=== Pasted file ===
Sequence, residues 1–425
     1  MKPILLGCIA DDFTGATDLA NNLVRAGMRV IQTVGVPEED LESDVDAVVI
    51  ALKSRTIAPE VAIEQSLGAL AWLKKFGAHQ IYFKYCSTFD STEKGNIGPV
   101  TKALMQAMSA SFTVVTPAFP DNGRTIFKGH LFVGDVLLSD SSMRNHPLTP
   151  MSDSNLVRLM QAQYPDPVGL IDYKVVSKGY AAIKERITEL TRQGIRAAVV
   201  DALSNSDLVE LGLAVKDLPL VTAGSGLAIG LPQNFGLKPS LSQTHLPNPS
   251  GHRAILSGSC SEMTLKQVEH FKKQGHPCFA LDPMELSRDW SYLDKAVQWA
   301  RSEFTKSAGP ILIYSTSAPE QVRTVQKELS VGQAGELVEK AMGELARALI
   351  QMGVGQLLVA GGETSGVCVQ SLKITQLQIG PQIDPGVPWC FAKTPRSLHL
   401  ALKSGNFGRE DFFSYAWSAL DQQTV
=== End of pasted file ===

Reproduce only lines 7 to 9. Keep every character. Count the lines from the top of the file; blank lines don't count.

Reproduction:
   251  GHRAILSGSC SEMTLKQVEH FKKQGHPCFA LDPMELSRDW SYLDKAVQWA
   301  RSEFTKSAGP ILIYSTSAPE QVRTVQKELS VGQAGELVEK AMGELARALI
   351  QMGVGQLLVA GGETSGVCVQ SLKITQLQIG PQIDPGVPWC FAKTPRSLHL